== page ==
And last but not least, something out of the biology department: A cricket with an incredible body weight – testical – ratio. The Bushcricket testicals make up 14 percent of its bodyweight. That is a world record (in this particular relation). Funny comparison: A 200 lbs man would carry around 28 lbs of testicals if that ratio applied to male humans. Check out the story

These stories relate to our discussion about newsworthiness and readers’ attraction. The examples above definitely rely on bizarre concepts. To speak for myself, but probably for many others, this post was the funnest one because i enjoyed reading those stories more than the other ones you can find in my blog. Absolutely hilarious. Wouldn’t we all want more of this…?!

Posted in Weekly News Comment | | | 1 Comments

WNC #10

November 4th, 2010 by Gustav

This is a very insightful article about the newly popularized alcoholic energy drinks, particularly the brand 4 Loko’s. i found the article through an editorial letter. In the main story, the drink is criticized for its severe combination of caffeine and alcohol. The author tried to prove that this might be something lawmakers have to look into. The drink supposedly has been causing many emergencies (among adolescents as well as adults) and is aimed mainly at under-age drinkers. The editorial letter adds how the drink may cause severe brain damage, even on a long-term foundation.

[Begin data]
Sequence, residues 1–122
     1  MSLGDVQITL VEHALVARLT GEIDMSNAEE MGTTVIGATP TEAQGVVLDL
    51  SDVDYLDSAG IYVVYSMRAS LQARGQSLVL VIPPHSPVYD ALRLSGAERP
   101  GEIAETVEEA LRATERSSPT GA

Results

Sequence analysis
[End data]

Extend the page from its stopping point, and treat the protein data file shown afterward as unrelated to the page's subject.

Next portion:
I chose this pairing because it fits into my own life. Just recently, when i was eating lunch with my roommates, a journal reporter came up to us and asked us about the 4 Loko drink. Who hasn’t tried it was our response to him. And indeed, it is a very popular but dangerous drink. I am glad that the nation is raising awareness of such things. The drink itself might be legit, but the question is whether inexperienced aka under-aged drinkers can handle it. Surely they aren’t supposed to, but they definitely like the idea of a cheap “boomer” as i heard it be called since it can get you intoxicated for long times. I believe this drink is not a good idea. The suggestion for half the alc. percentage seems very reasonable to me. I like the way the author of the story tried to stay neutral but lead towards the issue. The editorial definitely sums up the concerns. Alcohol education is indeed something spelled in CAPS in the US of A… what a pity!

Posted in Weekly News Comment | | | 1 Comments